Energy White Paper’s underlying assumptions
I meant to make a quick comment on the Energy White Paper before I went away. The White Paper’s been extensively covered in the press, and there’s no point in my adding to the media noise. But White Papers are, effectively futures documents, which therefore have embedded in them a set of future assumptions, and it is worth looking at it from that point of view.
Most of the relevant evidence is in Chapter 1, “Energy and climate
security: a global challenge“. In particular, it is dominated by a single point “business as usual” projection from the International Energy Authority that “between 2004 and 2030, global primary energy demand will rise by 53%, leading to a 55% increase in global carbon dioxide emissions related to energy”. It also asserts the connection between energy use and economic growth, although this connection weakens rapidly in richer economies.
One of the precepts of futures work is that scenarios (and the world of the White Paper is a scenario) should be plausible and coherent future worlds. The White Paper assumptions lack in coherence: the desire for open liberalised markets only supports carbon reduction if the full carbon price is factored in from the outset.
And even then, liberalised markets are likely to under-invest in new energy sources because of the weight of existing infrastructure. (So if ‘open liberalised markets’ is your first policy preference, the others are likely to go by the board).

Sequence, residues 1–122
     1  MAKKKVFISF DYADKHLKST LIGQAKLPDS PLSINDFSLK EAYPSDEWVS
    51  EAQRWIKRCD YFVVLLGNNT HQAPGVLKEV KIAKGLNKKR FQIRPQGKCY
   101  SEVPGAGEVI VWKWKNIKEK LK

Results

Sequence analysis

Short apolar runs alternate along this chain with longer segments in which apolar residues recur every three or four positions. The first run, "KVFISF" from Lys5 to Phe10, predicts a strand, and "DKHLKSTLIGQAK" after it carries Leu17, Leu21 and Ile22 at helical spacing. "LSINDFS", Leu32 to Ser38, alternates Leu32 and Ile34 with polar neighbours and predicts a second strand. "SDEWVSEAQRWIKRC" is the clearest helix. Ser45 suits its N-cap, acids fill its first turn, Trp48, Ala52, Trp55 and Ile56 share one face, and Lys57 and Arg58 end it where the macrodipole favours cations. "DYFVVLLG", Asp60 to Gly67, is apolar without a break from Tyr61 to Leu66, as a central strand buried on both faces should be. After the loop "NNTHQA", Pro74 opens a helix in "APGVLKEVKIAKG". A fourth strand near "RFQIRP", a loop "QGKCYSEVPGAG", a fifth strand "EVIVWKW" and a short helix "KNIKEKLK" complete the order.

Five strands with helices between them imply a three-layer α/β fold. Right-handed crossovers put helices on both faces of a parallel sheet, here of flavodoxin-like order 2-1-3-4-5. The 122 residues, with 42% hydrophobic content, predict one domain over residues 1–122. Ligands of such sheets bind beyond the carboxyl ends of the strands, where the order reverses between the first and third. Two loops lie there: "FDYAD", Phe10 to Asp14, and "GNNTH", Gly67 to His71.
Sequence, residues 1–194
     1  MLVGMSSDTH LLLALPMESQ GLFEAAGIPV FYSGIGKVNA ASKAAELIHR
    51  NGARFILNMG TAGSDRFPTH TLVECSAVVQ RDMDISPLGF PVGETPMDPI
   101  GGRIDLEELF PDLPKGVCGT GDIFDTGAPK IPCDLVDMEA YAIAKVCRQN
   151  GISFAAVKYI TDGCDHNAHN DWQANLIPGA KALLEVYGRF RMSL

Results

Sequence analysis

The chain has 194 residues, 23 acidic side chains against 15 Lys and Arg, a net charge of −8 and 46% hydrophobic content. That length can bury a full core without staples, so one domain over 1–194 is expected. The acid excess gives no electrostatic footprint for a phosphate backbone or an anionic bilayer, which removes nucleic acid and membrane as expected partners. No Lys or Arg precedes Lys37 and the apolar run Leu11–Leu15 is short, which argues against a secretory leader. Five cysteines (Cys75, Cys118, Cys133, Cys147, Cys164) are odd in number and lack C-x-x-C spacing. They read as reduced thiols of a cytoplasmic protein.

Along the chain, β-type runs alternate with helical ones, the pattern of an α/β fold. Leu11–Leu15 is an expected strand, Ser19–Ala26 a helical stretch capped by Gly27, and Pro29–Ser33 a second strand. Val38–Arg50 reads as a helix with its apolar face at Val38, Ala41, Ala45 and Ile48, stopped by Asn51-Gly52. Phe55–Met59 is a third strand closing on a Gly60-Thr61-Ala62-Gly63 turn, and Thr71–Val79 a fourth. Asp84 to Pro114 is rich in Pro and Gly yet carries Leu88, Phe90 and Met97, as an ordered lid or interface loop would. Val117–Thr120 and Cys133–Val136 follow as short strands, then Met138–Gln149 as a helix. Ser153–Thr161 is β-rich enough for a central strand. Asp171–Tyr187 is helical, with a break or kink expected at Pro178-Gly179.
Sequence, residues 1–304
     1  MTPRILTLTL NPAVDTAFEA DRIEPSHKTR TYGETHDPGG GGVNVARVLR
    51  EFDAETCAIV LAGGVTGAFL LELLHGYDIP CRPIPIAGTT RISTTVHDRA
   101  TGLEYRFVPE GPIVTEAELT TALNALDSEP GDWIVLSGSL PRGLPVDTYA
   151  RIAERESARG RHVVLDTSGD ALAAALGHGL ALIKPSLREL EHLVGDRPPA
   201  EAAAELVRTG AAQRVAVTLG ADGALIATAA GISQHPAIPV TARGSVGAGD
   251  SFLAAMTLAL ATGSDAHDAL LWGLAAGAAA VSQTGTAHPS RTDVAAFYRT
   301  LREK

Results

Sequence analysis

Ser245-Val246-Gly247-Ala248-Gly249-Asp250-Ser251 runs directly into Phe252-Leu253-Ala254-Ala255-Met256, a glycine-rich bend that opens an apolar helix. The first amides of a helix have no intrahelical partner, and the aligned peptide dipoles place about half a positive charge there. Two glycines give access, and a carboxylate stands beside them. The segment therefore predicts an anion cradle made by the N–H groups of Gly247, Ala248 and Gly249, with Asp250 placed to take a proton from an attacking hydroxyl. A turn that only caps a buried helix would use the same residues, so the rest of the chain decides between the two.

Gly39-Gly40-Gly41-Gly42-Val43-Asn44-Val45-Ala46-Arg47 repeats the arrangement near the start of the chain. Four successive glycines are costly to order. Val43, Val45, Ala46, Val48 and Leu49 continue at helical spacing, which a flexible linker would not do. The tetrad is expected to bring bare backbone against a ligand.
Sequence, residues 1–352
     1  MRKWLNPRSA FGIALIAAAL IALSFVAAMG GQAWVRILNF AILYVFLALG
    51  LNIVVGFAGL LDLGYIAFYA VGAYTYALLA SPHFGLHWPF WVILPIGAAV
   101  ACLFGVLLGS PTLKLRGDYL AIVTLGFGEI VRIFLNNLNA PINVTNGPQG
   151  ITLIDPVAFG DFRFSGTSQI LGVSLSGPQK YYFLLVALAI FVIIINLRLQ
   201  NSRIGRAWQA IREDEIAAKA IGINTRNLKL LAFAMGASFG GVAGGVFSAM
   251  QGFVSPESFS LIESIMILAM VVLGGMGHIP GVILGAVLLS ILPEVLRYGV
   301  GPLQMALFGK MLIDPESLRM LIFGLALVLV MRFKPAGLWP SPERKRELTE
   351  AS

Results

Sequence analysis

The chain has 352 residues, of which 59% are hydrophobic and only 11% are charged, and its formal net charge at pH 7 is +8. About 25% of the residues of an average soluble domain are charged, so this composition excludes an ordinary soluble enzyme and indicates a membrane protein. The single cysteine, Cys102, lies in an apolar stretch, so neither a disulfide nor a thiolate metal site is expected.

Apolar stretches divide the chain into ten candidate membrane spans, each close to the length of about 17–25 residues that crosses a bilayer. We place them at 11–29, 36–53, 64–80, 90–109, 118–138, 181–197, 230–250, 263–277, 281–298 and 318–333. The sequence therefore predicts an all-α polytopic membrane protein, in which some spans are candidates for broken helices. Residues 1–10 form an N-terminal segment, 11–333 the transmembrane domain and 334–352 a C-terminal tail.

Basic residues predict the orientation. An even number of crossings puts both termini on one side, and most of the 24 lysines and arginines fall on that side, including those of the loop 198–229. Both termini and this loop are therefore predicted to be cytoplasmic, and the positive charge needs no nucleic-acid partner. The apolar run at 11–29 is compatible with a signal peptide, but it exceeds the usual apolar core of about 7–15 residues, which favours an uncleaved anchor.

One other assumption is striking: the rise of ‘national champions’ in oil rich countries is an issue that’s identified by the transnational oil companies like Shell and BP. The White Paper observes that they may be inefficient and choose not to invest in extraction. But from an oil producing nation perspective, looking long-term at a market where prices are far more likely to rise than fall, leaving oil in the ground for a while is a completely rational response.
No doubt energy economists or policy-makers will tell me that I’m missing some subtleties, but reading the chapter it’s hard to avoid the impression that they’ve started from the IEA projection and moved directly to a set of traditional assumptions about energy security and supply, which might be thought of as the metaphor of the ‘hard state’. And one of the features of the ‘hard state’ world view is that it leans quickly towards large scale producers and big centralised infrastructure.
The Tyndall Centre, on the other hand, notes in its comments on the White Paper – well summarised in the viewpoint by Dr Kevin Anderson on the BBC site – the extent of what it calls the ‘low hanging fruit’ of energy reduction measures, which it reckons could reduce energy demand by almost half by 2050, by concentrating on high consuming areas such as road use and improving household energy efficiency. The government, it argues, continues to see energy as a matter of “supply”, rather than looking at the whole “energy system”.
The other problem with looking at the energy system as a centralised supply model is that it misses a huge opportunity for modernisation. A paper commissioned by the DTI in 2006, “Future Network Technologies” by Goran Strbac, Nick Jenkins, and Tim Green (opens as pdf) argued that an ageing centralised electricity infrastructure provided a once in a a half century opportunity to migrate the energy system to a more decentralised, distributed model – with significant increases in efficiency.